In 2019, South Bend launched Commuters Trust, a new transportation benefit program created in collaboration with local employers and transportation providers (including South Bend Transpo and Lyft) and made possible by a $1 million three-year grant from Bloomberg Philanthropies Mayors Challenge.[140][141]

Under Buttigieg, South Bend invested $50 million in the city's parks, many of which had been neglected during the preceding decades.[94]

There was a strong public reaction to the police shooting of Eric Logan

After a white South Bend police officer shot and killed Eric Logan, an African-American man, in June 2019, Buttigieg was drawn from his presidential campaign to focus on the emerging public reaction. Body cameras were not turned on during Logan's death.[142] Soon after Logan's death, Buttigieg presided over a town hall attended by disaffected activists from the African-American community as well as relatives of the deceased man. The local police union accused Buttigieg of making decisions for political gain.[143][144] In November 2019, Buttigieg secured $180,000 to commission a review of South Bend's police department policies and practices to be conducted by Chicago-based consulting firm 21CP Solutions.[145]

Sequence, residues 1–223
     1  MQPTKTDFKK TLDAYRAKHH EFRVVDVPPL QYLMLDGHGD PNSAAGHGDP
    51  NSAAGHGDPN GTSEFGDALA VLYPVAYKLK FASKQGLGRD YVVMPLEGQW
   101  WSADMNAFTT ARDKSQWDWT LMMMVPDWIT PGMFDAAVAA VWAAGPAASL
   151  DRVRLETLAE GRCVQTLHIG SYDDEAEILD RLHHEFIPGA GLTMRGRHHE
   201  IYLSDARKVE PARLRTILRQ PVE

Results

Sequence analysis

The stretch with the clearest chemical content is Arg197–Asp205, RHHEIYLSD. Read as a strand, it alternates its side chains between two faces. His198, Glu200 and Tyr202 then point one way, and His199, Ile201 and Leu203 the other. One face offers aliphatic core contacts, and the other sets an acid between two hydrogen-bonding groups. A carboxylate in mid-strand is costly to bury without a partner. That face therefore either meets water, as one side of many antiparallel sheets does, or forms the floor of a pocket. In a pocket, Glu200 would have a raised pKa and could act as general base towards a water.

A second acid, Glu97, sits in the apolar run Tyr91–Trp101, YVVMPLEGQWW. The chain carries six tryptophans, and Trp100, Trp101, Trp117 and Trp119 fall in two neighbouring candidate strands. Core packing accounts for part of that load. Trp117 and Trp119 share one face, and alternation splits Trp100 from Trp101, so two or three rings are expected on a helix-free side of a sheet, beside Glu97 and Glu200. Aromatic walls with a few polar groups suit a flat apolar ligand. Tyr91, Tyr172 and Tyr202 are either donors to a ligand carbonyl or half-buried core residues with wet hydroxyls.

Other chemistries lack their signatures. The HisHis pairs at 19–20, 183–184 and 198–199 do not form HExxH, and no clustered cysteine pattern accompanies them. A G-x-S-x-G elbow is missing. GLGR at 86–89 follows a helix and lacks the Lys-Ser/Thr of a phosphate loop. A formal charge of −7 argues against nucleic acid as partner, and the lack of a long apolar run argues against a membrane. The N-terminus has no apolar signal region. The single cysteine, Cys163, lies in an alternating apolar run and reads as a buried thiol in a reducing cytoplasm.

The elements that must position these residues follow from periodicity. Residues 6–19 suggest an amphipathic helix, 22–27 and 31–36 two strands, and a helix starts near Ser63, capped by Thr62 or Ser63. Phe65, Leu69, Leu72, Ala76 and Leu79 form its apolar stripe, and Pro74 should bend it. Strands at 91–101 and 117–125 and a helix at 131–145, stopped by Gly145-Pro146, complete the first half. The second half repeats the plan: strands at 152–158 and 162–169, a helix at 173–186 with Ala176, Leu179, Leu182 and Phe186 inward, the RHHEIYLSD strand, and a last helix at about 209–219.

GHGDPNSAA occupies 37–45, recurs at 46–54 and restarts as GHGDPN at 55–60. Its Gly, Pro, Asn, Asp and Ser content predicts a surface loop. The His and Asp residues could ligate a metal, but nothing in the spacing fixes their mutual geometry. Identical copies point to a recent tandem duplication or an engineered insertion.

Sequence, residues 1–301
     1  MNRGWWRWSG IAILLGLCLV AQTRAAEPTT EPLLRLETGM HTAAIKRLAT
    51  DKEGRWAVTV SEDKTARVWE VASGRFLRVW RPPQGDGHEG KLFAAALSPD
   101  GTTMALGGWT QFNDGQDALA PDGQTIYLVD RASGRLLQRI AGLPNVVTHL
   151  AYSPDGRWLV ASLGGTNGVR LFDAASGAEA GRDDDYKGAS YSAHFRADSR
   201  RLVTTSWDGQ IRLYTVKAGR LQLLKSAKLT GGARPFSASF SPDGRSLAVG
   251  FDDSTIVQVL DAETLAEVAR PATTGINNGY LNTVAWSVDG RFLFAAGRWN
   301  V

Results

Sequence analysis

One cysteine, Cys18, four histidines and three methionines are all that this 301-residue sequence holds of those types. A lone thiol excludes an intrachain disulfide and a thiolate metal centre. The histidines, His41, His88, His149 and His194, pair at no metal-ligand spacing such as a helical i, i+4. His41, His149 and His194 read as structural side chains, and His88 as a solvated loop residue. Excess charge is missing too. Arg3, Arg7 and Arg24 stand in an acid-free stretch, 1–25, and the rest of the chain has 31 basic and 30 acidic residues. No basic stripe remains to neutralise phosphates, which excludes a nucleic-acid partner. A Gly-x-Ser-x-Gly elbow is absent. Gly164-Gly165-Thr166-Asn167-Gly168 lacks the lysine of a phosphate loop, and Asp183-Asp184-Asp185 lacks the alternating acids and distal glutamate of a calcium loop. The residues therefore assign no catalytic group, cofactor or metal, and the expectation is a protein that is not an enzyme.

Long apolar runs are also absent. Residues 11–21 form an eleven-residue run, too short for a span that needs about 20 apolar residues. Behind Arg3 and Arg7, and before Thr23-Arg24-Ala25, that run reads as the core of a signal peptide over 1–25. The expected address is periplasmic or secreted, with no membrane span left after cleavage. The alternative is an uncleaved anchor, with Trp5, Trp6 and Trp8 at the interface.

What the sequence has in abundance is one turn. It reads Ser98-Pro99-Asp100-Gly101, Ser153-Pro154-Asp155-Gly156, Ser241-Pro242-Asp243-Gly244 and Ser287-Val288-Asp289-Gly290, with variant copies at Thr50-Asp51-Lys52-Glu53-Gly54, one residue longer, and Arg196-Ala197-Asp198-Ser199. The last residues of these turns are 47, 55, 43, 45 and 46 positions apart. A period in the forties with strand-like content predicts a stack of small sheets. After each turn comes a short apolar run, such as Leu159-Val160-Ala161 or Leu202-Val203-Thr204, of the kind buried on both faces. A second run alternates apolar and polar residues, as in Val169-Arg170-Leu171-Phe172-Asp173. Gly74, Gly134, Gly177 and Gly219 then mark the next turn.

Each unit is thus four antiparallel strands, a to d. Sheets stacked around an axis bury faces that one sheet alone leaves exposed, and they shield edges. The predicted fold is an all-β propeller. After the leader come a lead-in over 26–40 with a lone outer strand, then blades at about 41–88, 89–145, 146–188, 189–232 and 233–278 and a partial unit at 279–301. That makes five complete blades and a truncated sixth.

In 2020, the website "Best Cities" ranked South Bend number 39 on its list of the 100 best small cities in the United States, giving much credit to the progress made under Buttigieg.[146]

Increased national profile

In the 2016 U.S. Senate election in Indiana, he campaigned on behalf of Democratic Senate nominee Evan Bayh[147] and criticized Bayh's opponent, Todd Young, for having voiced support in 2010 for retaining the military's don't ask, don't tell policy, which Bayh had voted to repeal.[148] In the 2016 Democratic presidential primaries, Buttigieg endorsed Hillary Clinton.[149] He also endorsed Democratic nominee Lynn Coleman in that year's election for Indiana's 2nd congressional district, which includes South Bend.[150]

In 2016, columnist Frank Bruni of The New York Times published a column praising Buttigieg's work as mayor, with a headline asking if he might be "the first gay president".[151] Additionally, Barack Obama was cited as mentioning him as one of the Democratic Party's talents in a November 2016 profile on the outgoing president conducted by The New Yorker.[152]